there were a few items that I wish would have had additional options, but I’ve finished the survey and can’t remember exactly what they were. Since it only allows one user I wasn’t able to take a look at the questions again. I didn’t even think to write them down at the time.
I would be willing to share this post if you send me the HTML I will post it this weekend if it is not too late.
you can email at cldivineATyahooDOTcom
There was one question where I really wanted to add an extra option, so I made a comment in the comment box further up the page. I hope I haven’t confused things too much.
Filled out the survey & like Kerry, there was one question that I wanted another option for, so I commented in the last comment box.
@Ella Drake No problem. Thanks for helping us out.
@Kerry No problem! Thanks for taking the time to share with us.
I filled it out. I answered yes did you buy your ebook reader as there wasn’t a “I don’t have one” option and it wouldn’t let me not answer.
Also, the what is the most you’d pay for an ebook I said $19.99, but only for a beloved book and that’s not what I would ever normally pay on a regular basis so I probably should have answered that with a lesser number. I was looking at the question from a what’s the most you would ever pay scenario not what would you normally pay.
Also, I wasn’t sure what you meant by adding personal content. I took it mean tags, series #, etc, so answered it was important.
I wish there had been an intermediate option for some of the yes/no questions, especially the last one: “do you think publishers care about you as an ebook reader”. I clicked “no” but a more accurate answer would have been “a few do, most don’t”.
I agree with Ros (#6) on the question of academic ebook pricing.
Nowhere on the survey did I see an option that allowed me to answer that I didn’t read e-books. I did not complete the survey.
@??? The first question on page 3 is “Do you read ebooks: Yes/No”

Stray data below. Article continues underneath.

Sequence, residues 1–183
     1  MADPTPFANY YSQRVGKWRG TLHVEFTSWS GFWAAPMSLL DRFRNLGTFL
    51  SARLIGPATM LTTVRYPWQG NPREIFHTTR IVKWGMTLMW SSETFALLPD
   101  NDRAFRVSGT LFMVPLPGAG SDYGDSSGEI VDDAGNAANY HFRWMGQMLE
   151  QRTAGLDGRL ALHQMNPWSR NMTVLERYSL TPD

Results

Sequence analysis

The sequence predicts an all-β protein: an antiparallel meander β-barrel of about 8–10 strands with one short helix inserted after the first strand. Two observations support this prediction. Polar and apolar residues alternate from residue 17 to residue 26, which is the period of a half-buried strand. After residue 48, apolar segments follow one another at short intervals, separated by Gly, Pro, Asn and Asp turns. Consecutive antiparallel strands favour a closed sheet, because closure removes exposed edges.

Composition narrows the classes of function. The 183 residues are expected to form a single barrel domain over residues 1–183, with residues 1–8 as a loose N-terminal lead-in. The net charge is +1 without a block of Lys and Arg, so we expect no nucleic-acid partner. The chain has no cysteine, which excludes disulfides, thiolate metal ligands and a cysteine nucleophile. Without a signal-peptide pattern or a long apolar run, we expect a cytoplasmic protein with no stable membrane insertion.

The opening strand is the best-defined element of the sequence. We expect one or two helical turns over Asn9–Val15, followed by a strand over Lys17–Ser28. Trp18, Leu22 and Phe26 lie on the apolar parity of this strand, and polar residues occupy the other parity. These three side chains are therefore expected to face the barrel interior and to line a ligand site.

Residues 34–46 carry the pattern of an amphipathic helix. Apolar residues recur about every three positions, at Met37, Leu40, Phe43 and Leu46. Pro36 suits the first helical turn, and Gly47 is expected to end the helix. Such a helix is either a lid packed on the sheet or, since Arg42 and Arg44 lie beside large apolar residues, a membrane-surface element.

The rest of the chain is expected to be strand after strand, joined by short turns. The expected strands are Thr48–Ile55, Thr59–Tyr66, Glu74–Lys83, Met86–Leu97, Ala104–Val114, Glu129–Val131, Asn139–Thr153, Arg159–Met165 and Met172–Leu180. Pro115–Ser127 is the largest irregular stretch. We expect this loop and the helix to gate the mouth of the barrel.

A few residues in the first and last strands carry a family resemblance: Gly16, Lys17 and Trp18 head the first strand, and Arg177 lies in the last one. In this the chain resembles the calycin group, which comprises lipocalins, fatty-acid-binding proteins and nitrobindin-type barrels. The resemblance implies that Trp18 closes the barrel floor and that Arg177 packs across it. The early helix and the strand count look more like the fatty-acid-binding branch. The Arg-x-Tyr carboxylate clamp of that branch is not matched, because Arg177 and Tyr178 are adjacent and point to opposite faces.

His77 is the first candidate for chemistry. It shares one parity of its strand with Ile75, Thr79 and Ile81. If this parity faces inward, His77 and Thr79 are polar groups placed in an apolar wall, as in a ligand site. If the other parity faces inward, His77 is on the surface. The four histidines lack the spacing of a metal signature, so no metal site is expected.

I think the survey should have asked how many people live in your household and how often do you share print books or magazines?
There’s a huge difference between sharing with friends and sharing with members of your household. If I couldn’t pass a book along to a friend, I guess that would be okay, if the price reflected that.
But if I couldn’t read my husband’s books or share books with my kids or they couldn’t read each other’s books, that would be absolutely deadly for me.
@Ros: Oh, I have just had another thought which could work really well for academic ebooks but might also have wider potential. What if the books came with single-user licenses (cheap) or multi-user licenses (much more expensive)?
I filled out the survey as well. There were a couple of questions I wished had been phrased more clearly (and now I wish I had written them down), but other than that I thought it was pretty thorough. I’m guessing you’ll share the results of the survey with us?
@joanne: Don’t worry, same here!
In addition, my friends don’t read what I read, which is why I talk about books on the internet so often, heh.
I think you guys should have put some options for a lower cap on ebook prices than $9.99.
While $9.99 is preferable to $15, which by the way I will NEVER pay, my personal cap is no more than what an mmp costs. Even then, I think very hard before paying more than $6 for an ebook and often choose to go with books that are cheaper. If I do pay more, it’s because I want a book from a specialty publisher whose books are already Trade prices in paper and there are no other options but to pay a higher ebook price.
I did the survey earlier this week but have an additional comment.
It’s uber-annoying to not have complete series available in one format at the same store. I got the first Jaz Parks as a freebie ages ago and finally read it this week. I would like to read the whole series now but book 3 (of 6) is not availble in ePub at my preferred stores (which means I can’t use my coupon/discounts). Going to buy it anyway from Sony…but annoyed (and breaking my own price point rule).
On a positive, this shows I’m a textbook example of why free works. I would have never read the Jaz Parks series if not for the free book. I also have spent lots of money on Samhain books due to how much I loved one freebie.